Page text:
The following address was delivered on January 12 at the opening of the Forty-eighth International PEN Congress at the New York Public Library.
When I was invited, one year and a half ago, to become president of the American Center, I believe it was hoped I would prove enough of a figurehead to draw attention to PEN’s affairs. This unspoken understanding was agreeable to me. I had always wished to be president of something.
Contemplate, then, the horror, a few months after induction, when I found myself laboring as diligently at fund raising for PEN as at my own literary projects. I had become a hard-working figurehead; a contradiction in terms, an oxymoron.
Now I could pretend that the noble activities of PEN are precisely what spurred me to such labors, since PEN is indeed one of the last of the poor and noble organizations. Supported by small funds, the people who work for the American Center under the all-consuming dedication of our executive director Karen Kennerly (who in my mind is the real president) do undertake labors that few people of good will would wish to disagree with. We are an organization devoted to the collegiality of writers everywhere in the world—we seek to rescue writers, or at least alleviate the conditions of authors who prove too outspoken in their work, whether they are men and women opposed to the prevailing right-wing, left-wing, or centrist oppressions of their own land.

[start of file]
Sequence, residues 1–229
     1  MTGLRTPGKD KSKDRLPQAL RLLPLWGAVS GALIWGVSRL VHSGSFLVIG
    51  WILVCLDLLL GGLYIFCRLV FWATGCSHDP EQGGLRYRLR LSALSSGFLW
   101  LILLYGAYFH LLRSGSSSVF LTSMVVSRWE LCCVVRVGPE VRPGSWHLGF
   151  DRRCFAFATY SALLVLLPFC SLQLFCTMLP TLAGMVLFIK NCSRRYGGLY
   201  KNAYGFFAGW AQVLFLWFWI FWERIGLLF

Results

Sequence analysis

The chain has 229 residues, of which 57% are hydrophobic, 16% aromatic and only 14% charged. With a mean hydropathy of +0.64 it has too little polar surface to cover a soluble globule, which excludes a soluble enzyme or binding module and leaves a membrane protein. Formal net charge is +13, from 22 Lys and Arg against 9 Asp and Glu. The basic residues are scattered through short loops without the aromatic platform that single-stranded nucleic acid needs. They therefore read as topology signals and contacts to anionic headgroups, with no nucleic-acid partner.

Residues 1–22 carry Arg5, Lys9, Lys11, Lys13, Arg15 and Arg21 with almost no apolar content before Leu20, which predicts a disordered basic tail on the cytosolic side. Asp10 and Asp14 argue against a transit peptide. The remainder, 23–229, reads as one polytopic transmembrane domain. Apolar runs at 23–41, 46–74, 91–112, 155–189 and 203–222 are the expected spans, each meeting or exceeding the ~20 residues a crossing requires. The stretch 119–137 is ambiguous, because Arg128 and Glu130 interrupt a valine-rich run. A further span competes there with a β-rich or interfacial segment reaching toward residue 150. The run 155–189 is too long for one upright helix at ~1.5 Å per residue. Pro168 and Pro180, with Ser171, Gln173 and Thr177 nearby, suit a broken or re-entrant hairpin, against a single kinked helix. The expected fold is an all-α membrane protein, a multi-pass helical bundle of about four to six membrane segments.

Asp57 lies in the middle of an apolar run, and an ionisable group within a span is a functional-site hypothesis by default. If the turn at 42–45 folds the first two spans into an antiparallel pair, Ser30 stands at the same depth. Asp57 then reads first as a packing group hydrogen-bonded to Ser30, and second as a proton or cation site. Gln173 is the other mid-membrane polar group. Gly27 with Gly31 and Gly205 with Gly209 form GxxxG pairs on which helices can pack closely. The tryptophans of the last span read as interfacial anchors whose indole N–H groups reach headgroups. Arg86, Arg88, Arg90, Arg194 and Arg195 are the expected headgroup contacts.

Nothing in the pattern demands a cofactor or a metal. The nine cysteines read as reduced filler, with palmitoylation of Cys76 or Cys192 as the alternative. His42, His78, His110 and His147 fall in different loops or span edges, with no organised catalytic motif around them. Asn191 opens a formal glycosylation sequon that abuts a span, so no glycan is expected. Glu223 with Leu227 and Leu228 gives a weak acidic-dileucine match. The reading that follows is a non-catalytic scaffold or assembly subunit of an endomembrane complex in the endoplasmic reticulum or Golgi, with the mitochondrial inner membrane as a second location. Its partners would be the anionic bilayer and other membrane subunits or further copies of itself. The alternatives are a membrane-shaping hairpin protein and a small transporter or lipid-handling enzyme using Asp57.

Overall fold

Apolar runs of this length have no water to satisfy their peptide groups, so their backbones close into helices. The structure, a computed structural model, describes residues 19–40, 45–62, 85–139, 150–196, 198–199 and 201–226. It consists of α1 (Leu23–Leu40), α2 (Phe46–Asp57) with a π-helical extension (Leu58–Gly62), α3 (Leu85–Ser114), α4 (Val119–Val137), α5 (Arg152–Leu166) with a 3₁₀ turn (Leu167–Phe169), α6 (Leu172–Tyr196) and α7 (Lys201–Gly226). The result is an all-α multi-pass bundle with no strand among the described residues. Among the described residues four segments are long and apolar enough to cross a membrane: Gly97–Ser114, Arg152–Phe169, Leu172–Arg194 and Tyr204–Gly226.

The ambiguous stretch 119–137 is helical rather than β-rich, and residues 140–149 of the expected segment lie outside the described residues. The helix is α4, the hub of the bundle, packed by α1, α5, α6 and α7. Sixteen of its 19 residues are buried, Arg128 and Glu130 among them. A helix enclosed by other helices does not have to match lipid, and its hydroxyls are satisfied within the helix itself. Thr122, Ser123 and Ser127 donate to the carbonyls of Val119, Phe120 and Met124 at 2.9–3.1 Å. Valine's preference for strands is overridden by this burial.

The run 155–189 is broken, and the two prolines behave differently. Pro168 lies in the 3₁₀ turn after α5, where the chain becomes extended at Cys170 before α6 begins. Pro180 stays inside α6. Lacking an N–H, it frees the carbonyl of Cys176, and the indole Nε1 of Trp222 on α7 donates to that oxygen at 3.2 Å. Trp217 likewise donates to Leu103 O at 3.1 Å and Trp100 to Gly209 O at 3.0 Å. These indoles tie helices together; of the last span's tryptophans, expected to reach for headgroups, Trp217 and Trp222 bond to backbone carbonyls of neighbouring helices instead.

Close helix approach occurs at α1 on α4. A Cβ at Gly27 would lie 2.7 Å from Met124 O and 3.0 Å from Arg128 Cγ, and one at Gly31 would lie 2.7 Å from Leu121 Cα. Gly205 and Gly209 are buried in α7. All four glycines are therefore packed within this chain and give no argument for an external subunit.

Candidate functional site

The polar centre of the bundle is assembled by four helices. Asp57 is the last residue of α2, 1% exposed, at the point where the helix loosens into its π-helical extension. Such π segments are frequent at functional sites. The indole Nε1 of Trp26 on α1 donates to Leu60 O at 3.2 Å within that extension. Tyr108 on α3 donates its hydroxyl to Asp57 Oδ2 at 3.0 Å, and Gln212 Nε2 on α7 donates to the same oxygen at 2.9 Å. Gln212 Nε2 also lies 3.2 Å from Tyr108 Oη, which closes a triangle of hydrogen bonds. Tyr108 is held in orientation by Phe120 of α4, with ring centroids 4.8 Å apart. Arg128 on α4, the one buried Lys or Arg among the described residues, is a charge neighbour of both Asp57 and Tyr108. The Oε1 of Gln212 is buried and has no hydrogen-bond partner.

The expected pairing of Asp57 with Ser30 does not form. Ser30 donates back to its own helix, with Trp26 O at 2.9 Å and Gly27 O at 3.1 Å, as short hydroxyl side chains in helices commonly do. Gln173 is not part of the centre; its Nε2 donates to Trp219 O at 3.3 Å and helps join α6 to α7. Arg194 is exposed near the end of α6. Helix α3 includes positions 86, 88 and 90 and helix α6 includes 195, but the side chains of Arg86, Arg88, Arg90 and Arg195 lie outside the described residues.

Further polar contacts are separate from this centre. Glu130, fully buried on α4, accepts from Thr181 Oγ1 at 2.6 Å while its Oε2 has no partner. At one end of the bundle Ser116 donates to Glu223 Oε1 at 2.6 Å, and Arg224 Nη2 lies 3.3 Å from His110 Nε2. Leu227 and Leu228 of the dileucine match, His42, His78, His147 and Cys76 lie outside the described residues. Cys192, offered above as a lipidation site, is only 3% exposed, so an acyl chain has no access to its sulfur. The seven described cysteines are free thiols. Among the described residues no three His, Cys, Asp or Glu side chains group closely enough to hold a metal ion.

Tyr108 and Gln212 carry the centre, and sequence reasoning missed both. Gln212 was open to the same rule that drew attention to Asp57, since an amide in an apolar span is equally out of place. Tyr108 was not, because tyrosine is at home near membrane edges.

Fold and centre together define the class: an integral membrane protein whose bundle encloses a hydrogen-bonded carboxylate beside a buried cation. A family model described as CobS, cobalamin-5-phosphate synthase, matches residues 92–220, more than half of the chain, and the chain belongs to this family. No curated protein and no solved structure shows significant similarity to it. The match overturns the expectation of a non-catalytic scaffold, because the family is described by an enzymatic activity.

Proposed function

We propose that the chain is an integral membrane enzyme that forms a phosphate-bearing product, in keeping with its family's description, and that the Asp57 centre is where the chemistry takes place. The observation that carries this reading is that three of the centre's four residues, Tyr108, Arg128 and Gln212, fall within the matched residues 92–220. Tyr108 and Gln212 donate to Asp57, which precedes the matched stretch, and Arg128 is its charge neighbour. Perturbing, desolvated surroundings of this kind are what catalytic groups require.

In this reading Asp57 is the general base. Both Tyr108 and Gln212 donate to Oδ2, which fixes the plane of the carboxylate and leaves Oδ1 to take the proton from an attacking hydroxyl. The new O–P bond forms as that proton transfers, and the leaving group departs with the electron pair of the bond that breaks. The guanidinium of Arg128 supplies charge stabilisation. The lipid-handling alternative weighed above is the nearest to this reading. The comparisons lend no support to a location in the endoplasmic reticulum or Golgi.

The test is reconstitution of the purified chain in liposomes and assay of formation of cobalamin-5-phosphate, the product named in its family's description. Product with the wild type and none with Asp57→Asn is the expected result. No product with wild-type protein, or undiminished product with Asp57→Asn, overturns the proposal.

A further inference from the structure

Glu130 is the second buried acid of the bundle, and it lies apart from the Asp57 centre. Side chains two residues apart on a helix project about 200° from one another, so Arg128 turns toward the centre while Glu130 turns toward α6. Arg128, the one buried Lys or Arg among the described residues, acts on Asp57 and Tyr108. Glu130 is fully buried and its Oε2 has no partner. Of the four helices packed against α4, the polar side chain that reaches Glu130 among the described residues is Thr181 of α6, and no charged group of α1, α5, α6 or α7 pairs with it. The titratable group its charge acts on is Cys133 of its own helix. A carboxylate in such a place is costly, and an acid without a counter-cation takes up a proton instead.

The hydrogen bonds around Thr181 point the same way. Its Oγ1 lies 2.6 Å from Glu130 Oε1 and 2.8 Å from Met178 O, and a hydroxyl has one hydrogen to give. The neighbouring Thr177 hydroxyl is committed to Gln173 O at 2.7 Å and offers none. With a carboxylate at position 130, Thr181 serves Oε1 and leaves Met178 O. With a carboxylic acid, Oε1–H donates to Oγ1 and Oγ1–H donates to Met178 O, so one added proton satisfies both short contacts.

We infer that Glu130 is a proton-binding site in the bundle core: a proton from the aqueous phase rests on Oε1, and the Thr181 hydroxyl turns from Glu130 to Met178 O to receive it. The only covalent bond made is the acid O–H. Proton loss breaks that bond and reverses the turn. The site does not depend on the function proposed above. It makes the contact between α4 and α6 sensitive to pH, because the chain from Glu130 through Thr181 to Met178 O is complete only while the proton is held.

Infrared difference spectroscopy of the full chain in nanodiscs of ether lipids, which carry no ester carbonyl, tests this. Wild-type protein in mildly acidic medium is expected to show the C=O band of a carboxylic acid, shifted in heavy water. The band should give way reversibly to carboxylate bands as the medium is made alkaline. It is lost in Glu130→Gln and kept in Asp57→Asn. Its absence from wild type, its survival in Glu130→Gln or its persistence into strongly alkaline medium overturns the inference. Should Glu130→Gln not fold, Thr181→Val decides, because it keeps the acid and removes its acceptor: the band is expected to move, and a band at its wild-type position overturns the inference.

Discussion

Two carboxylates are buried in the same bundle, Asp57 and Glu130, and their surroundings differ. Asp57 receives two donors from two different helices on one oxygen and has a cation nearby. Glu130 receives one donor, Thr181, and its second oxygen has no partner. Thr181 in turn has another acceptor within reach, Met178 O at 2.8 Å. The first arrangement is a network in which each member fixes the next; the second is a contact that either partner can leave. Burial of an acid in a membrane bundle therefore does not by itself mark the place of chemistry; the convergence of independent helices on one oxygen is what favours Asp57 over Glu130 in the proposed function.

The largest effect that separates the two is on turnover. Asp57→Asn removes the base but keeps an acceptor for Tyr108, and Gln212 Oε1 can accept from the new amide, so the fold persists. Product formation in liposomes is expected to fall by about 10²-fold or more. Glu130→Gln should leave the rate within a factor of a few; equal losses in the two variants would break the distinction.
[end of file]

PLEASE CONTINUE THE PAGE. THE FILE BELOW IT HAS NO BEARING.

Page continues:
We work on the unspoken premise that the freedom to write is one of the inalienable rights of humankind—we are passionate about improving the liberty of writers everywhere—that, to us, is a self-evident noble cause. Occasionally we succeed in these efforts. Even tyrants may have a love of literature. When a letter requesting improvement in the conditions of a jailed poet is signed by fifty prominent writers, the results are sometimes more effective than one would expect.
We are also a fraternal organization. We have funds—not nearly enough—to offer writers who have immediate needs—rent for the month or money for pressing medical work—we offer prizes to fellow writers, to editors, translators, occasionally we even honor a publisher. We have prison programs for incarcerated men and women who want to learn to write, we have similar programs for the handicapped. We have public symposiums, we have PEN parties for our members. I could pretend I took up PEN work in the last year and a half because I was moved to the core by our good activities.
I will not, however, make this pious claim. If I had an attractive motive, it was my enthusiasm for the theme of this congress. Created in the fine minds of Donald Barthelme and Richard Howard, it posed the writer’s imagination against a new concept—the imagination of the state.
It is here that intellectual dangers commence, Writers are as bigoted about their favorite concepts as other human beings. Since our power, literary power, is most peculiar and is usually consigned in any…
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